From the cooler block's perspective, dS universe= Q/Tcoolerblock + (-Q/Thotterblock) so dS uni is positive, thus indicating an irreversible process from the perspective of the cooler block. ??

8. Aug 23, 2014

### MrMatt2532

Again, I think you mostly have it but you need to be careful. When you are analyzing the universe (or an isolated system), there is no external heat transfer, and you can only say that change in entropy of the universe (or the isolated system) is due to internal entropy generation. Basically, realize there are three forms of the second law:
isolated system (universe): ΔS=Sgen
closed system: ΔS=∫δQ/T+Sgen
open system: ΔS=∫δQ/T+mass_flow_in*s_in-mass_flow_out*s_out+Sgen

Lets take this two block universe. You can say, for the first block, ΔS1=integral of δQ/T=m1*c1*ln(Tf/T1). And for the second block, deltaS2=integral of δQ/T=m2*c2*ln(Tf/T2), where T1 and T2 is the initial temps of the blocks, c is the specific heat, and m is the mass of the blocks and Tf is the final temperature that the system reaches. Now lets say m1=m2 and c1=c2. Then Tf=(T1+T2)/2 and ΔS universe is equal to ΔS1+ΔS2=m*c*(ln(Tf/T1)+ln(Tf/T2))=m*c*ln((T1+T2)^2/(4*T1*T2)) Now plug in any two temperatures into the expression ln(((T1+T2)^2/(4*T1*T2)) and you can see ΔS universe is always positive.

9. Aug 24, 2014

### Staff: Mentor

MrMatt2532 has given really good answers.:thumbs: For additional perspective, see example 11D.1 in Bird, Stewart, and Lightfoot, Transport Phenomena, Chapter 11.

Chet

10. Aug 24, 2014

### PatrickAndrews

Perspective is the key point

Ok, I think I get this now. For a closed (dm/dt=0, but not isolated) system, I've drawn the attached diagram.

From the system's perspective, the external temperature(s) from which heat is transferrred into the system is unknown. This means that the dS-system equation is 'unaware of' any (external) irreversibilities to do with finite differences that may be driving heat transfer.

Please do let me know if I'm still in error, but this now makes sense -for which I'm hugely grateful.

(thanks also for the earlier reminder that all gradients, eg velocity gradients in laminar flow, being important to Sgen).

#### Attached Files:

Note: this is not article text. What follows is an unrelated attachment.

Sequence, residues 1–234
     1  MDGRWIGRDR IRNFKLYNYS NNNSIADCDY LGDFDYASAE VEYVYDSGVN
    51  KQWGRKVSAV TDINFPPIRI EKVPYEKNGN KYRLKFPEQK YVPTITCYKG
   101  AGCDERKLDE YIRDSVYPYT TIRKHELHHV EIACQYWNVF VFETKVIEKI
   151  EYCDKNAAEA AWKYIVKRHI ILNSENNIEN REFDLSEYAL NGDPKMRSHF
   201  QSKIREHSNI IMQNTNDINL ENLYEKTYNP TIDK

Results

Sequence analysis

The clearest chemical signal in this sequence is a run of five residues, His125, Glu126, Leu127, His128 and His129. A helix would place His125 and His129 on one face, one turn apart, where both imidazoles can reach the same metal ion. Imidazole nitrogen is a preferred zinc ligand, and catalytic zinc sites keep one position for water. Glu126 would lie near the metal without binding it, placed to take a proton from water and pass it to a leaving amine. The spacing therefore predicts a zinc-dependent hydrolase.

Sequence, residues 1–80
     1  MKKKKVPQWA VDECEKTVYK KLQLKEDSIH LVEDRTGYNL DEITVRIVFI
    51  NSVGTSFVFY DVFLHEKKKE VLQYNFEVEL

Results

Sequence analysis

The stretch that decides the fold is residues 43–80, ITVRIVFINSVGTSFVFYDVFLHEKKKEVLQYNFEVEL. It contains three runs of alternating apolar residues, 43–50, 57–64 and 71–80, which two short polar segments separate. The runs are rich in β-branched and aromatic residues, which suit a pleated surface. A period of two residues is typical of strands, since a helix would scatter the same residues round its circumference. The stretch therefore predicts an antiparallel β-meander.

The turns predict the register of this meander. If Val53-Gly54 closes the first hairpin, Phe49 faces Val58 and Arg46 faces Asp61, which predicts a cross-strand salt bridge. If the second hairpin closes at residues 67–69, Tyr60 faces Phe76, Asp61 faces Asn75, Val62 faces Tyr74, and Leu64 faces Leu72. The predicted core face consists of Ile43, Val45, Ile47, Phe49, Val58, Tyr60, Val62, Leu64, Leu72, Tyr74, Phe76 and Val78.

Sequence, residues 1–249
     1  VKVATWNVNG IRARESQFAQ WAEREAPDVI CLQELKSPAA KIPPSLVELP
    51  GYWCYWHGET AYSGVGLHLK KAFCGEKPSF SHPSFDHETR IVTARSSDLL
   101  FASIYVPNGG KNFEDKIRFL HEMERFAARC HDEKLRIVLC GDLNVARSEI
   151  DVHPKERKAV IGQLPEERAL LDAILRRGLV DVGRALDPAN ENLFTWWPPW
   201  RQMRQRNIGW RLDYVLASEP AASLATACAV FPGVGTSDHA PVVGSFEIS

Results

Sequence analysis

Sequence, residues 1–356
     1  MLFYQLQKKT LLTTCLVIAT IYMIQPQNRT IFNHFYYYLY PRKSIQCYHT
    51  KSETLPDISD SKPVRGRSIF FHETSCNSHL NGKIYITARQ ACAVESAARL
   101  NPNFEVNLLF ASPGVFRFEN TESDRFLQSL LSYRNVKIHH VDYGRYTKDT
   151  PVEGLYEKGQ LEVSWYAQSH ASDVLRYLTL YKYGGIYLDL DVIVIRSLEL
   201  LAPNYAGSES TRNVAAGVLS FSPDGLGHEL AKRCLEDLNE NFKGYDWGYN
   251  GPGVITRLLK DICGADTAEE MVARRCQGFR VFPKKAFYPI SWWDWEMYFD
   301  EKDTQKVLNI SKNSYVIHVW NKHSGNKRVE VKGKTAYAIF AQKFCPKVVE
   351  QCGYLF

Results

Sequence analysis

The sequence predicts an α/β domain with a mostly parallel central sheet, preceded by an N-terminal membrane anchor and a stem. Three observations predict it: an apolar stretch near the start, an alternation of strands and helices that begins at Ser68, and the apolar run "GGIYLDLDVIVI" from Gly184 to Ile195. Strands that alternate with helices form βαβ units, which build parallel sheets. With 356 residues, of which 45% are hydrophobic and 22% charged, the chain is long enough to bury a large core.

• ###### Sgeneration.png
File size:
11.3 KB
Views:
177
11. Aug 24, 2014

### MrMatt2532

I think your diagram looks ok, except for a somewhat minor point: Instead of ΔS, it should be dS. In this form it will tell you the instantaneous change in entropy in your system. Alternatively, you need integrals on the other side of the equation. In this form it will tell you your change in entropy for your system over some integration time.

12. Aug 24, 2014

### PatrickAndrews

Thanks for that. Clarity achieved.
Cheers

13. Aug 24, 2014

### Staff: Mentor

The external temperature from which the heat is transferred can be known and measured. This is just the temperature at the interface (boundary) between the system and the surroundings. At this interface, the temperature variation is continuous, and the system temperature matches the surroundings temperature. But, within the system, for an irreversible change, the temperature distribution within the system is not generally uniform, and there can be significant local temperature gradients and heat fluxes. This gives rise to entropy generation.

See my PF blog in my PF personal area. Unfortunately, the PF blogs disappear on 9/2.

You may also find it of interest to read some of the latter posts in the thread https://www.physicsforums.com/showthread.php?t=750946. This thread has the unusual name, Question About Flow Between Parallel Plates. However, it quickly evolves into an extended discussion of thermo. One of the models Red_CCF and I study in this thread involves a spring-damper analog to gas compression within an insulated cylinder. The spring represents the p-V elastic behavior of the gas, and the damper represents the viscous dissipation provided by the gas. This model is an interesting example to study on its own, because it exhibits the important features of gas behavior, and can be used to study how the dissipative damper affects the total work done. We also apply it to studying a sequence of discrete constant force compressions, and how the total work approaches quasistatic behavior as the total pressure change is held constant while the size of each of the compressions is reduced and the total number of compressions increases. The results of the modeling are very revealing.

Chet

Last edited: Aug 24, 2014